The other incident when I got knocked off my bike was on a nice wide cycle path – The kind of cycle path that is supposed to create safe cycling! It was a shared cycle path and a young child just ran into my direction. Actually, he didn’t knock me off. I fell off avoiding the kid. I was travelling pretty slow. And again the accident was pretty minor. I still use that cycle path almost everyday and generally there are no problems. It’s still a good cycle path – you just have to be slower than usual and always expect that young children will run into your path!

These are the only two occasions I’ve been knocked off my bike. Both were at slow speeds and both were caused by pedestrians.

Fortunately, I’ve never been knocked off by motor vehicles, although sometimes I’ve come close with vehicles passing very close or not expecting to see a cyclist on the road.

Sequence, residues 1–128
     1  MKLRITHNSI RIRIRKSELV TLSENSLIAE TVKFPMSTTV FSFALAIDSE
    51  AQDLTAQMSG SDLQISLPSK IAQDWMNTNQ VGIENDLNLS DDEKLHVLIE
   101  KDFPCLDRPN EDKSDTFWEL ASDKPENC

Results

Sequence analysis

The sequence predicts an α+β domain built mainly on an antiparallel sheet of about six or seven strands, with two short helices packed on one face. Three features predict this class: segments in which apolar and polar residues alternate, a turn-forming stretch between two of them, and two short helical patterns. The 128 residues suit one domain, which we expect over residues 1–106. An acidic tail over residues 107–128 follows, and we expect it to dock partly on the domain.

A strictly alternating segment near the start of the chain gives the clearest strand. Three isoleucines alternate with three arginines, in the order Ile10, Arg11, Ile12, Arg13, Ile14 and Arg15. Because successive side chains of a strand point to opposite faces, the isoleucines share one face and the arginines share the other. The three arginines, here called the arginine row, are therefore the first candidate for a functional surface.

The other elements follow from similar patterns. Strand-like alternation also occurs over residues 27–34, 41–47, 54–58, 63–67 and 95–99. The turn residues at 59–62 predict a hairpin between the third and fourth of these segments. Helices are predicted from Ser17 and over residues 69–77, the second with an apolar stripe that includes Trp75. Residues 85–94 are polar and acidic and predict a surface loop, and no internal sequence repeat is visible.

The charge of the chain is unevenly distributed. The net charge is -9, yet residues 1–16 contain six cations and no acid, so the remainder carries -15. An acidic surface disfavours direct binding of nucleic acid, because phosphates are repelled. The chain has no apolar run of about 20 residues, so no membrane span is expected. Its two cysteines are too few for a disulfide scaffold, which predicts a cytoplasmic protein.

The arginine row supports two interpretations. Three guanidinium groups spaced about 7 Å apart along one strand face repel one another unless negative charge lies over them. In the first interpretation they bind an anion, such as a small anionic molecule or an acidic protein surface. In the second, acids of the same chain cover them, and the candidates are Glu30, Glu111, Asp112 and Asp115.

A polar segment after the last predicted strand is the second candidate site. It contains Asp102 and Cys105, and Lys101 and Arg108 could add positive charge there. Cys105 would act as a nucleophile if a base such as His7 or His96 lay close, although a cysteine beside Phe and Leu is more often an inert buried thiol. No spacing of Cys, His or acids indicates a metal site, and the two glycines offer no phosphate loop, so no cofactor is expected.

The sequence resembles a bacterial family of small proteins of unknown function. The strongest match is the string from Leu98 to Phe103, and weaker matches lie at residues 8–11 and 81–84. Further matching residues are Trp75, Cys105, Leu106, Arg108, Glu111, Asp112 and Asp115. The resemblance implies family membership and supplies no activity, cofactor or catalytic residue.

The problem is I feel some drivers drive with the knowledge that they are protected by a pretty strong box of metal. If they happen to crash it’s a bit expensive to repair, but it’s not so bad. If their limbs were on the outside of the vehicle, I’m sure they would drive very differently!


6 Responses to Have You Ever Been Knocked off the Bike?

  1. paul November 21, 2012 at 9:57 pm #

    5th of September 2012 broadsided buy a Bus as it flew through a give way line. Hair line fracture to the base of my spine, punctured lung, 3 broken ribs, broken left wrist, 3 fractures to left scapula